After a police pursuit over a traffic violation, Jayland Walker was shot 60 times by police in Akron, Ohio, a lawyer who watched body camera footage of the incident on Friday said.
Bobby DiCello, the attorney representing Walker’s family, described the video as an “unbelievable scene.” He also said the shower of 90 bullets from the officer’s guns, which he estimated lasted six seconds, sounded like “a whole brick of fireworks going off.”
The body camera footage will be released to the public on Sunday by police.
“This is going to be a brutal video. It’s going to stir up some passion. It’s going to make people uneasy,” he told the Akron Beacon Journal.
The Akron Police Department released a statement Tuesday saying officers tried to pull 25-year-old Walker over for a traffic violation at 12:30 a.m. on June 28. Police said Walker refused to stop and drove off in his vehicle. A chase ensued and officers reported that a gun had gone off in the vehicle. The officers did not clarify how they knew a gunshot had went off.
DiCello said that when an officer reported the gunshot into the police radio “His voice doesn’t get excited” and they continue to drive for several minutes.
DiCello also said his team has not been able to gather evidence that Walker pointed his gun at officers or that gunfire escaped his car. DiCello told The New York Times all of Walker’s windows were intact after the fatal shooting.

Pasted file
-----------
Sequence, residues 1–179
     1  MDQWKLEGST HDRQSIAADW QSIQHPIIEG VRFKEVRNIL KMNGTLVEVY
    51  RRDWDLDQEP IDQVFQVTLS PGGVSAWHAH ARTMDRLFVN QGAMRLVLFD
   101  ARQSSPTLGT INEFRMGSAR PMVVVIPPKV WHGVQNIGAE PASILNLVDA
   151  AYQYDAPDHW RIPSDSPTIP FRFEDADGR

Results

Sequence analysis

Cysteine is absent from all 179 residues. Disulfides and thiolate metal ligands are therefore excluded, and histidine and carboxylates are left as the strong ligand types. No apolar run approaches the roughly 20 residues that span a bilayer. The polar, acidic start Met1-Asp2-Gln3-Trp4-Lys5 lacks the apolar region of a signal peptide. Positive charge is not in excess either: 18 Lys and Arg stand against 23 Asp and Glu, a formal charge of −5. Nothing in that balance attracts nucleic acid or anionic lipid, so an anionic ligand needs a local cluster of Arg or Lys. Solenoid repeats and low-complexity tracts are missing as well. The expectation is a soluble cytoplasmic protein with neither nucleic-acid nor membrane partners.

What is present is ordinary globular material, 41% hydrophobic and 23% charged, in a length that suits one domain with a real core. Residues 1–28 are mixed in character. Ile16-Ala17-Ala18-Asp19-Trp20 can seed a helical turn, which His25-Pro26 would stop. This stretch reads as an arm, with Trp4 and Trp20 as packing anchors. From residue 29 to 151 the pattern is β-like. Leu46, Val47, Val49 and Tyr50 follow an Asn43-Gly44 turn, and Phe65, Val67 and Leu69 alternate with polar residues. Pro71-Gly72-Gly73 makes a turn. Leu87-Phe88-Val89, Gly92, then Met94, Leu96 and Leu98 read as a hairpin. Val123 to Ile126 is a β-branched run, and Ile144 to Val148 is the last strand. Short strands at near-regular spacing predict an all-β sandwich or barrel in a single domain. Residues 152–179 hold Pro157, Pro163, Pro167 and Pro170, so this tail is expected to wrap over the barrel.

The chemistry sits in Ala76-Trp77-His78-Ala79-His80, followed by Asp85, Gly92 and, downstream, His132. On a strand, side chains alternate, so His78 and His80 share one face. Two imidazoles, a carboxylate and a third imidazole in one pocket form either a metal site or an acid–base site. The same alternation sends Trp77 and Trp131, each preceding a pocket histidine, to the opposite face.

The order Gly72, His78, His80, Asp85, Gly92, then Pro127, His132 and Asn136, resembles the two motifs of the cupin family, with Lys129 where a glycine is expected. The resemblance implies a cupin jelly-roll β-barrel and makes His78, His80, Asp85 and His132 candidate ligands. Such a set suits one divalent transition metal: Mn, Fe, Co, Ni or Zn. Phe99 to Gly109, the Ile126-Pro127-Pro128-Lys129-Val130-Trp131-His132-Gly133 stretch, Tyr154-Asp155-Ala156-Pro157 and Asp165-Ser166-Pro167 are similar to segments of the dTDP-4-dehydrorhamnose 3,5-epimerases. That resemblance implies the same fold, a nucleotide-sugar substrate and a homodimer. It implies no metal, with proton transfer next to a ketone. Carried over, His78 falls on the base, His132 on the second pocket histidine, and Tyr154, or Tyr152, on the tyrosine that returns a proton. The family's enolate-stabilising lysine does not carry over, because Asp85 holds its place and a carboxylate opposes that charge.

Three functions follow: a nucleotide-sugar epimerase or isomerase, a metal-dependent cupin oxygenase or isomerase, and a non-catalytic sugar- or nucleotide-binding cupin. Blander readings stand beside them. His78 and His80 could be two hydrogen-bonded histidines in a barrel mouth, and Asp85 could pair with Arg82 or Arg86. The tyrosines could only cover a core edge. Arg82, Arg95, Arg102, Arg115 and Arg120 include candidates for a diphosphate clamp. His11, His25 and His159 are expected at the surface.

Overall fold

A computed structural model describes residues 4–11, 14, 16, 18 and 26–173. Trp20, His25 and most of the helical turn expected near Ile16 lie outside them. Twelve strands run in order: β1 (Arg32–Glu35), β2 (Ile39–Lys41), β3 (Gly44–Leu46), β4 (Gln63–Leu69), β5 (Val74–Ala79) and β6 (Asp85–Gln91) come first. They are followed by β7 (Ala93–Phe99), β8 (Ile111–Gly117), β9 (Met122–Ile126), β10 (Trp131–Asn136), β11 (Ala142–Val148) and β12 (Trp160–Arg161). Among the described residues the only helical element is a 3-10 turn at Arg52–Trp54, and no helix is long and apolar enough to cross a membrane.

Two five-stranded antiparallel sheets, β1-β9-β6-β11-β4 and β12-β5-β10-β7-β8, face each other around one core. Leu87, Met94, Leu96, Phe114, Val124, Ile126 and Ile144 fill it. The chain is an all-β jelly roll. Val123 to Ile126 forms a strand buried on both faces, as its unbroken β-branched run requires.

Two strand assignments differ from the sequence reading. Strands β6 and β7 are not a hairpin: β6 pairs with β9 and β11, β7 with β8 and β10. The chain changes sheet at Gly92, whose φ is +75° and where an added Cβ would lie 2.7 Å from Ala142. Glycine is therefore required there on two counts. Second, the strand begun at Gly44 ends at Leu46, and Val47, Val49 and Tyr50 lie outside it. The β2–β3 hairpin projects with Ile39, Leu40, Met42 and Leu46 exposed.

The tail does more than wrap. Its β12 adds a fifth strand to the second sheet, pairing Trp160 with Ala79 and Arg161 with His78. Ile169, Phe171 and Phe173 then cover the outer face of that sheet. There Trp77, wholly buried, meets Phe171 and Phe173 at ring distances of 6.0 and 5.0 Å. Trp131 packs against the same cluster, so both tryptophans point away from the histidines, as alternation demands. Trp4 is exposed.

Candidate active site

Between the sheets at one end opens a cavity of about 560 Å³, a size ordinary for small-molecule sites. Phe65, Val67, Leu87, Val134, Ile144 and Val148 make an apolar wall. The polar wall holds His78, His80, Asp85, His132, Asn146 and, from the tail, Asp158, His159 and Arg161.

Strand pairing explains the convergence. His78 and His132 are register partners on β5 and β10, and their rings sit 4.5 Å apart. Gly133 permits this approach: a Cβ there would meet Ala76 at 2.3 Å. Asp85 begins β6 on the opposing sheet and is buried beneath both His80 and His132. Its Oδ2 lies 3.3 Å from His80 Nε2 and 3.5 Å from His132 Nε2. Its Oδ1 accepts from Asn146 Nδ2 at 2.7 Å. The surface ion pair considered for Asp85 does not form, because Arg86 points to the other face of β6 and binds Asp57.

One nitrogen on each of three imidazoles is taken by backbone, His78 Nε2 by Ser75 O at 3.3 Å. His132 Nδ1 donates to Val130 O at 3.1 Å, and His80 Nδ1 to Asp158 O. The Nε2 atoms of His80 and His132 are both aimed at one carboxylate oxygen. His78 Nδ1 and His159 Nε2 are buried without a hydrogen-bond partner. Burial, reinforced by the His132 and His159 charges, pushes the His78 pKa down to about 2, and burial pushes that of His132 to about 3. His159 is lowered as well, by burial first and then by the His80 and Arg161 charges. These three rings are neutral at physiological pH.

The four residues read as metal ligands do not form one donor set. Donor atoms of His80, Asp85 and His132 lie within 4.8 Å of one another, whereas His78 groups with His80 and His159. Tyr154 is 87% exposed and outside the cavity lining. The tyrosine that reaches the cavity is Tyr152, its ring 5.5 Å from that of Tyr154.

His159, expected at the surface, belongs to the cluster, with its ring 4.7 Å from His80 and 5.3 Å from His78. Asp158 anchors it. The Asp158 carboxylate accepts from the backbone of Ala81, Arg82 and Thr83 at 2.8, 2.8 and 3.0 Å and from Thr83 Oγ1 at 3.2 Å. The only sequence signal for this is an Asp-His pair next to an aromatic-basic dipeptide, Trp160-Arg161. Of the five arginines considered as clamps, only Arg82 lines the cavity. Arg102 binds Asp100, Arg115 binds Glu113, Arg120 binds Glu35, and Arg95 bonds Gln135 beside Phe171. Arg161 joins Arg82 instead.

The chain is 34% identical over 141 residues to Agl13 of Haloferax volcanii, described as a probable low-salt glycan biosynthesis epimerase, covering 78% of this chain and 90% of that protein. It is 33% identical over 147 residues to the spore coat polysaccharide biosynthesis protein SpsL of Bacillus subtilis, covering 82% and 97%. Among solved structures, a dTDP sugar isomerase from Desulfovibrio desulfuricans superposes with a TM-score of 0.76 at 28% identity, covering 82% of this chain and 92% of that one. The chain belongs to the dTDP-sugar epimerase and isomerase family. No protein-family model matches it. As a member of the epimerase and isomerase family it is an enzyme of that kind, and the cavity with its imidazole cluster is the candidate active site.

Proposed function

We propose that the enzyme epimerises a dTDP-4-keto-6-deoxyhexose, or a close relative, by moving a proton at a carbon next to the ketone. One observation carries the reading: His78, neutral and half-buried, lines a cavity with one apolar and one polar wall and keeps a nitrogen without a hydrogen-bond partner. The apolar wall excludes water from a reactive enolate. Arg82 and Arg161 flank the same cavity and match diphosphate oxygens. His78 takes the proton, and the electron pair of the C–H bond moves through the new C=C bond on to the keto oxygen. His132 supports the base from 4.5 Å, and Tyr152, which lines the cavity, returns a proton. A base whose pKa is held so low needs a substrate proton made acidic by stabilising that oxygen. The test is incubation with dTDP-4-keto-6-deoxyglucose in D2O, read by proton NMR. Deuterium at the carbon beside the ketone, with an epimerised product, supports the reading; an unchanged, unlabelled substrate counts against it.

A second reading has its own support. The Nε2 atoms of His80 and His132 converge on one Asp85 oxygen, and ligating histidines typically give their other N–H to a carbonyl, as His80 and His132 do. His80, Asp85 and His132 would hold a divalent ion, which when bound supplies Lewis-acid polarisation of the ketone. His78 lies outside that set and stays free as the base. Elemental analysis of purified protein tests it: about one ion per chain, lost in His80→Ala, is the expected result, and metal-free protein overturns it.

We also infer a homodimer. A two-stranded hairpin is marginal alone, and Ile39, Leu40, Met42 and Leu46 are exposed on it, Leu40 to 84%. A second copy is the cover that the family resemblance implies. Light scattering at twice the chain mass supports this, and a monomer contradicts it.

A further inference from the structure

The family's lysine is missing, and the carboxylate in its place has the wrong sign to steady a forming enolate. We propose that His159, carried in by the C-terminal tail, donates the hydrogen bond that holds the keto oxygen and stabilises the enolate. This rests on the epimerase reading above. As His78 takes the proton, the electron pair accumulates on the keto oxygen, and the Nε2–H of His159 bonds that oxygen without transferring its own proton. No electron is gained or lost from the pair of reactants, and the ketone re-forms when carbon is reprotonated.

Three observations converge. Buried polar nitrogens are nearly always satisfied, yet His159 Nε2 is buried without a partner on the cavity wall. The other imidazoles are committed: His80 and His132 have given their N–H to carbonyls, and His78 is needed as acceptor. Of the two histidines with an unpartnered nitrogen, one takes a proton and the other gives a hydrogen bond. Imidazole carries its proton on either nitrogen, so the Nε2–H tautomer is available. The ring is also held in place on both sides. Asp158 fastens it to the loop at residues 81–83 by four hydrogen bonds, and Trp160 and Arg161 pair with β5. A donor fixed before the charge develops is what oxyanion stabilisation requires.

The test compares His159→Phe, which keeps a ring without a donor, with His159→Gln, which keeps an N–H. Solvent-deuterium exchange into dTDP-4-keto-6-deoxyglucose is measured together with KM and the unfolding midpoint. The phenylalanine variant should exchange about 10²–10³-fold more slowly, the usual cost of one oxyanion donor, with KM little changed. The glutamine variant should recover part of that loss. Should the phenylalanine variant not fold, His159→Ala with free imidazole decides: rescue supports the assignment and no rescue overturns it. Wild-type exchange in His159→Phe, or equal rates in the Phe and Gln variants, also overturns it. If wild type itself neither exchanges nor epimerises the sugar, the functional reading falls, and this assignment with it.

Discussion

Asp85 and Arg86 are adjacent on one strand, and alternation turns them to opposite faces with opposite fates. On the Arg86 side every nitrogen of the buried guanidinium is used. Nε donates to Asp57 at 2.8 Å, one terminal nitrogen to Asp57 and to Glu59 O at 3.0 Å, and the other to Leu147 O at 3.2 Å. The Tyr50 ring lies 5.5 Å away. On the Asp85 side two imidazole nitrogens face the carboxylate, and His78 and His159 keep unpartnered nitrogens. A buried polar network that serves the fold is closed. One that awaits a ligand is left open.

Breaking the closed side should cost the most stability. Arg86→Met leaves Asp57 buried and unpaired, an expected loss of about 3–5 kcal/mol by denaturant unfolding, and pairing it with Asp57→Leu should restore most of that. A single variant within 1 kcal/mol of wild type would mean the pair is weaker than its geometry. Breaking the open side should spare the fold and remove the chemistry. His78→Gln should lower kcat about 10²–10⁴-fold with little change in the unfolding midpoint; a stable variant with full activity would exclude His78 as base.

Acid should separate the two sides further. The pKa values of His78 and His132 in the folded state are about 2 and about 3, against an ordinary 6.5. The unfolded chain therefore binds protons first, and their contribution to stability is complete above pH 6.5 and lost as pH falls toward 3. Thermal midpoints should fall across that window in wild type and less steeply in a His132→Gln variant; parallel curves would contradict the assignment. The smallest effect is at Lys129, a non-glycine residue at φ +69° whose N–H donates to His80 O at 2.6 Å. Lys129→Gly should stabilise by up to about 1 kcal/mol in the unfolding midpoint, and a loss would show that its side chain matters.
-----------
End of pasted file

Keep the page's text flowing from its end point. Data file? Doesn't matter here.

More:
Walker eventually hopped out of the vehicle and fled on foot. Police say that “actions by the suspect caused the officers to perceive he posed a deadly threat to them.”
DiCello said that the body camera footage may dispute some of these claims.
“There is no stopping and turning around,” DiCello said. “There’s no making his hand into the shape of a gun. There’s no holding his cellphone. He has nothing in his hands.”
DiCello also said an investigation into Walker’s death suggests he sustained 60-80 gunshot wounds and that his body was “riddled with bullets.”
Officers in Akron were placed on administrative leave following Walker’s death, the NYT reported.
Over the past week, residents of Akron have been protesting on behalf of Walker. During a Thursday press conference Walker’s family described Jayland as a “sweet young man” and asked for transparency from authorities over the shooting.
“We love Jayland,” Lajuana Walker Dawkins, Walker’s aunt, said Thursday. “He was my skinny little nephew and we miss him. We just want some answers.”
The Akron Police Department and DiCello did not immediately respond to Insider’s request for comment.
Courtesy By INSIDER